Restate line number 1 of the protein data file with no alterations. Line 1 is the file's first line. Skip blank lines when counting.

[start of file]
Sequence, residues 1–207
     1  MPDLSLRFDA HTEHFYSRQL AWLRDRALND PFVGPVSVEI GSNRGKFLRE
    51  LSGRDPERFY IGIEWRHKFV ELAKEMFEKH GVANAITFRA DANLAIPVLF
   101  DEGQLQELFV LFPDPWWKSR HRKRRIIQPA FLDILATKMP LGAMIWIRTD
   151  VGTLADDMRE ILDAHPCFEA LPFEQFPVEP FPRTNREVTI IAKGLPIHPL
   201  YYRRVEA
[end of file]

Sequence, residues 1–207